It’s a common term that’s being used as the catchphrase for the new wave of eating. However, this is an old school phenomenon that your average gym patron can easily adhere to. In short, it summarizes the need to ensure protein, carbohydrate, and fat needs are met appropriately without neglecting key nutrients for survival.
In my recent article, the “Tao of Eating” I discuss what nutrition is and how to treat your meals. This is not an excuse to go on a binge of your favorite food and justify it by thinking that it fits your macronutrient requirements. Rather, this is an opportunity to have a reality check on your eating habits. You can also consider utilizing this method toward your competition goals as well.
The Role of a Clean Food Source
The first requirement in “if it fits your macros” is if it comes from a clean food source. Often, we see our favorite athletes chow on donuts as a cheat meal to hit a carbohydrate goal or watch them grab a box of pizza and have a field day—and we think we can do the same. The key difference, however, is that their training requirements are much higher than yours.
Clean eating is often attributed to raw ingredients. In a fast-food age, we forget how much processing goes into basic food items such as bread or condiments such as ketchup. Therefore, the grocery list and ingredients label should look more like words a fifth grader can pronounce rather than something that requires at least a collegiate level of chemistry to understand.
Adherence to clean eating is difficult and the flexibility lies with sources that appeal more to your palate. For example, instead of eating three chicken-based meals per day, alternate by having some fish, bison, or vegan alternatives such as tofu. By doing this, it decreases the incidence of failure.
If your goal is only for maintaining a generally healthy lifestyle, operate on a level that allows you to look to more options such as switching almond butter for peanut butter once in a blue moon.
However, if your goal is competition, the fewer ingredients something has, and the more it attributes to a direct macronutrient count, the better. For example, bodybuilders may have a snack of only bison meat or cream of rice with almond butter to hit a protein goal or carbohydrate and fat goal, respectively.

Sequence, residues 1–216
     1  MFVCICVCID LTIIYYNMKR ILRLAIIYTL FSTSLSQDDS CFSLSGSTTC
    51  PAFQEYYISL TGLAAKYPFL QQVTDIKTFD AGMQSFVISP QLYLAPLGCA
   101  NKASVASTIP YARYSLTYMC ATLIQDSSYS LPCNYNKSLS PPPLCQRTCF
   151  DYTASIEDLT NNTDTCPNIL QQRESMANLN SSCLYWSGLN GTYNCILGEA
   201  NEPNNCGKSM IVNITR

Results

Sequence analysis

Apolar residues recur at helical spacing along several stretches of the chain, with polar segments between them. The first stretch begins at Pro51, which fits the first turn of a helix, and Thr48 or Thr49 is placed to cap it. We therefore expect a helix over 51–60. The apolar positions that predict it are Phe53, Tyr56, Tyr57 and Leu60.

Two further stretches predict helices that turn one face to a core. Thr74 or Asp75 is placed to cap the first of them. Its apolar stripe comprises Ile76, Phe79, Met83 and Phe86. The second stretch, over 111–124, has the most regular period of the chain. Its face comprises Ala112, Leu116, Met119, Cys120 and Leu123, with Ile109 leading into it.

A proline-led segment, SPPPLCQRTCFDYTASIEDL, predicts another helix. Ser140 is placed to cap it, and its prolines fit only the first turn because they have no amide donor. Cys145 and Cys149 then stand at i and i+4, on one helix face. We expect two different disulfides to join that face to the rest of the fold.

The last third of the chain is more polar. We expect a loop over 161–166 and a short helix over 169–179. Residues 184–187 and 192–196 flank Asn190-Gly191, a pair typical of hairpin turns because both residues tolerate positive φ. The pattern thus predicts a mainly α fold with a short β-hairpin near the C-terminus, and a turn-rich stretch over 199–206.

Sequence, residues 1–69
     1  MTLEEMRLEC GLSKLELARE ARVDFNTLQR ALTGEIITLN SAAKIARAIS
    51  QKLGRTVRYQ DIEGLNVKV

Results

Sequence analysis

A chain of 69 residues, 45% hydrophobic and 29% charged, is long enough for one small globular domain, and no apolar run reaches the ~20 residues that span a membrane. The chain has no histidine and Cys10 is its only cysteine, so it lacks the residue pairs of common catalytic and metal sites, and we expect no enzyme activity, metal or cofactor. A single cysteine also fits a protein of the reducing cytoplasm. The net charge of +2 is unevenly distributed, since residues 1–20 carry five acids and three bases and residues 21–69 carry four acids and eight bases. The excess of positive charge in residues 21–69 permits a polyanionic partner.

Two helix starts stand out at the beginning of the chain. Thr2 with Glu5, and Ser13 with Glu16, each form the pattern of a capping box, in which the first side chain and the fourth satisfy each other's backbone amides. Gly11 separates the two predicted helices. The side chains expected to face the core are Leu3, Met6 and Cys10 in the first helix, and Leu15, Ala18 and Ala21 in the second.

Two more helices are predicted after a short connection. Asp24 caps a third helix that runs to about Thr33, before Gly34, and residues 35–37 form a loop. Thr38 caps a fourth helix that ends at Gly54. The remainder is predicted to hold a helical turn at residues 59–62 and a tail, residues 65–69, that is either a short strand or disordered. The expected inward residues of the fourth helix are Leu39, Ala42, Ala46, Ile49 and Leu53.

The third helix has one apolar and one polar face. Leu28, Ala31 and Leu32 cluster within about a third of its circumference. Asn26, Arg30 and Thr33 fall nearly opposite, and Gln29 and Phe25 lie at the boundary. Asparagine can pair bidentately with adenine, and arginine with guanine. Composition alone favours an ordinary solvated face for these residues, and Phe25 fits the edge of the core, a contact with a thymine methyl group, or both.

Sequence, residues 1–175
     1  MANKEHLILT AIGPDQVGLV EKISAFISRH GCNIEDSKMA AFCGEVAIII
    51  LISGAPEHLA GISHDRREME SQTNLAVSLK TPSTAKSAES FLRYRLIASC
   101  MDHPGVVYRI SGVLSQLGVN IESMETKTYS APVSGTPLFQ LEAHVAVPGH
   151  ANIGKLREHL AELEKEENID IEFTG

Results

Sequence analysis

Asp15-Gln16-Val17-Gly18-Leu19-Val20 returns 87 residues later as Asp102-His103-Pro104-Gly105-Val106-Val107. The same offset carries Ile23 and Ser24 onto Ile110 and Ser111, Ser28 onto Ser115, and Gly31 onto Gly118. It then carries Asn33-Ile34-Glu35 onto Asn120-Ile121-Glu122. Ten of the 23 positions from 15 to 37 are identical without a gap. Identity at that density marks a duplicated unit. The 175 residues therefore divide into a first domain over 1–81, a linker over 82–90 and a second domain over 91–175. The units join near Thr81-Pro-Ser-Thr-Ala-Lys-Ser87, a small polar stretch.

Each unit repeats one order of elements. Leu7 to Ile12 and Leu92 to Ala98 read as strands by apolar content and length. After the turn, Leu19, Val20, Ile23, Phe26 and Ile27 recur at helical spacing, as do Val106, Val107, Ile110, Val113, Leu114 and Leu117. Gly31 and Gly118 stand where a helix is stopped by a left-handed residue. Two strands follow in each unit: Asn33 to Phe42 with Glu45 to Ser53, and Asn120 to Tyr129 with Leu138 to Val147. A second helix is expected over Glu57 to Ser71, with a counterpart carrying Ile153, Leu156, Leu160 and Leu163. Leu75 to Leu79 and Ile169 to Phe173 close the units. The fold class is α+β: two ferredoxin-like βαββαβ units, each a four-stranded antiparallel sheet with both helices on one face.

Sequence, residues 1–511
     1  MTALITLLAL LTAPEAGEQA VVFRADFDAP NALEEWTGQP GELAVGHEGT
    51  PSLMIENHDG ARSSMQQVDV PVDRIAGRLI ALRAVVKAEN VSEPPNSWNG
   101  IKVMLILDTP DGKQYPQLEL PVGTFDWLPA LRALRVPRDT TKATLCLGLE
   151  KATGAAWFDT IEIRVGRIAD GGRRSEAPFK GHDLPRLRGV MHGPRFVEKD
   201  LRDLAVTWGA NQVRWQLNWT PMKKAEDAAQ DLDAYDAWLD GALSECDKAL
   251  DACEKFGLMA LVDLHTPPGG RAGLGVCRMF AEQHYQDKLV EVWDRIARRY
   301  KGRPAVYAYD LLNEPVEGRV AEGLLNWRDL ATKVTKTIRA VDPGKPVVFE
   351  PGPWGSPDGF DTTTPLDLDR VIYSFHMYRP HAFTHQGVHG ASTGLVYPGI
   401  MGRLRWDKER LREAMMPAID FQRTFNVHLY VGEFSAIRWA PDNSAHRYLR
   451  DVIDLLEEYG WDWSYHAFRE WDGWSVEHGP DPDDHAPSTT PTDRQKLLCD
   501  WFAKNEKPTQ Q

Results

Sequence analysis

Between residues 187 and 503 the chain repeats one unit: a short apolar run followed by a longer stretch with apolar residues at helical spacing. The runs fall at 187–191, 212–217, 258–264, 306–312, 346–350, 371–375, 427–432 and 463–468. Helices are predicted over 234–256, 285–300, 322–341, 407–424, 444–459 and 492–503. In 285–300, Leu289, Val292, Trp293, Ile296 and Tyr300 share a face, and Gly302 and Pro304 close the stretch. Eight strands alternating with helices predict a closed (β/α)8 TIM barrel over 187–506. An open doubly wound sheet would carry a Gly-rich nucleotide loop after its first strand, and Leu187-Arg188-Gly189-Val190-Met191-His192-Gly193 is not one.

You needn’t compete however, in order to meet nutrition goals and this kind of thinking attributes itself greatly to body recomp. Clean eating runs on a spectrum and avoiding processed foods will reap long-term benefits.
The Role of Nutrient Timing
The second requirement is nutrient timing. The great debate exists around protein and not enough attention is paid to carbohydrates and fats. Nutrient timing is often attributed to insulin sensitivity, gastric emptying time, protein sensitivity, and circadian rhythm. In short, when you east depend on your ability to receive nutrients and put them to optimal use.
For those on a busy schedule eating smaller, more frequent meals may seem best but isn’t a practical route. Instead, choose an easier to digest meal later in the day while eating your meals with more dense calorie counts earlier in the day.
Obtaining most of your carbohydrates near your workout time seems to be most effective in replenishing glycogen stores and more importantly keeping metabolic homeostasis. The same, however, is not true for protein. Protein speeds up digestion and having a consistent protein load throughout the day with a bigger spike post-workout seems to be the best way to create an anabolic effect.
Eating smaller, more frequent meals improves gastric emptying time and, as a competitor, this proves to be most useful. Competition, however, adds a level of complexity to micronutrients such as sodium, potassium, and calcium levels. Vascularity, hardness/dryness, inflammation, and water retention can all be manipulated (temporarily) by ensuring micronutrients are accounted for.
For more information on flexible nutrition feel free to slide into the DMs @flexx_fairbairn and follow me on my road to World Championships WNBF 2019.